With technology often replacing direct human interaction, personal connections are either not as present as in the past or lost completely. In this climate, people can feel alone, without even realizing their isolation and disconnection. It’s easy to lose perspective about what it’s like to be human and the challenges that confront human life, regardless of time and place.
Classic literature is a place where people can go to understand the human relationships that are often missing from their own lives. During times of trial, people have often referred back to classic literature for strength, knowledge and insight. The classics are books that are influential; well-written, often in a complex prose; and that have a cultural importance, with a deep analysis of the characters depicted.
Examples of these include “Pride and Prejudice” by Jane Austen, “Great Expectations” by Charles Dickens and “The Catcher in the Rye” by J.D. Salinger. There are hundreds more.
Through their stories, the authors provide a window into the human spirit and teach their readers that the complexities of human nature are timeless. The classics, through their colorful stories, beautifully illustrate universal, complex human attributes such as greed, jealousy, competition, fear and love. These stories allow people to feel less alone when managing difficult emotions and obstacles confronted in their everyday lives. They offer readers wisdom, solace and entertainment.
Getting lost in a great novel can be a much-needed respite from the pettiness and frivolity of daily modern life, creating a sense of balance and equilibrium. The current tech-driven generation is lacking exposure to the classics and therefore may be less inclined to use the jewels found within them as a resource and a guide for managing life’s uncertainties.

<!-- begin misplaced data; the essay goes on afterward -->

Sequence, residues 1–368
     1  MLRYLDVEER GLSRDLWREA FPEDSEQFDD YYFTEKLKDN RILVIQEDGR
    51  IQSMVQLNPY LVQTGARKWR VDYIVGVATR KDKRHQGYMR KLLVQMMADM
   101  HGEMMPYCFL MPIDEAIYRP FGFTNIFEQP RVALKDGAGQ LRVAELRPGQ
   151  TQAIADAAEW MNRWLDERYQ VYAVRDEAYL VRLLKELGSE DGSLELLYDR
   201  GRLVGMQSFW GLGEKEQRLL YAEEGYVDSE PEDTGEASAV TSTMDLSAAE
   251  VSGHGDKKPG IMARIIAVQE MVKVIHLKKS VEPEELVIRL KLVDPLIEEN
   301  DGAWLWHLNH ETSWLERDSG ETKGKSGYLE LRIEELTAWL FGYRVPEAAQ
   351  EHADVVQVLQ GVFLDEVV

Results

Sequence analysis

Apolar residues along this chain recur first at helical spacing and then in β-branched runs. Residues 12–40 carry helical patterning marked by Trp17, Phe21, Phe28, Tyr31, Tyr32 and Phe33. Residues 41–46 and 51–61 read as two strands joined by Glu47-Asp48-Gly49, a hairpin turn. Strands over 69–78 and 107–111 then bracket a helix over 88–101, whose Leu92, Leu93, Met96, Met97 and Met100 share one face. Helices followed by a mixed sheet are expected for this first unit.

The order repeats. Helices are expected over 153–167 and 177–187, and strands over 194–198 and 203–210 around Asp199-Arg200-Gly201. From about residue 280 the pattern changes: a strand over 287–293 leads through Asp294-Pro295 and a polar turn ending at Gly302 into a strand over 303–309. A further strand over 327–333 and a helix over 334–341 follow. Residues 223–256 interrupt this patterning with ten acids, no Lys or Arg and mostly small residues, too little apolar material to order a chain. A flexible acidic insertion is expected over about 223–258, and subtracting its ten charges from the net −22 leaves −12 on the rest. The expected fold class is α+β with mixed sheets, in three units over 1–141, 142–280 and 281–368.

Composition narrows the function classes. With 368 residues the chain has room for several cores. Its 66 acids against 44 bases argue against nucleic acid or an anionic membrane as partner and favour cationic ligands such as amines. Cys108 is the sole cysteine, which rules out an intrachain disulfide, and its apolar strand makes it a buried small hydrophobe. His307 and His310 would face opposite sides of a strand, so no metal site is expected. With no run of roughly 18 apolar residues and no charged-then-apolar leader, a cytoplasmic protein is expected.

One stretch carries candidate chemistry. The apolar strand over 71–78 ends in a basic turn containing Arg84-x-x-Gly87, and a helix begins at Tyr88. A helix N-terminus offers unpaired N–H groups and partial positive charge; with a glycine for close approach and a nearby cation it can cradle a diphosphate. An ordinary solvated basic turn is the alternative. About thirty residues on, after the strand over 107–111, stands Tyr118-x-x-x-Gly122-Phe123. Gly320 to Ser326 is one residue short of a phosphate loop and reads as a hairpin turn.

I’ve decided to make it a priority to read and listen to a classic novel with my teenage children on a regular basis in order to ensure that they have the experience and benefit of them.
Here are five reasons why I think this is an important exercise:
1. In a fast-paced, technologically driven world, people often don’t have the need or the desire to think deeply. Instead, much information is delivered in sound bites and on a superficial level. I do believe that reading the classics will force people to slow down and to think in a deeper way than what they’re used to. Understanding and absorbing classic literature forces people to concentrate and stay focused while reading or listening to the information in order to fully grasp the richness of the messages delivered.
2. The character analysis delivered in the classics is sophisticated and informative. The classics provide reassurance to the reader that human nature and human needs do not change with the changing times. Whether the book was written in the 1800s or in the 1900s or after, the characters within them struggle with the same conflicts that are familiar to people today.
3. Classic literature provides an entertaining escape into the lives of rich and relatable characters and provides a dramatic contrast to the superficial personalities that monopolize today’s youth-obsessed, media-driven pop culture.
4. People who are well-read tend to become better writers, and the art of writing will not be easily replaced by technology.
5. A shared book among family members serves as a springboard for meaningful discussions about the stories, the characters, the culture of a tale’s time and how they all relate to life today.
My sons have chosen “Crime and Punishment” by Fyodor Dostoyevsky as our first read. Happy reading!
Dr. Kate Roberts is a licensed child and school psychologist and family therapist on the North Shore. Ask a question or make a comment at email@example.com.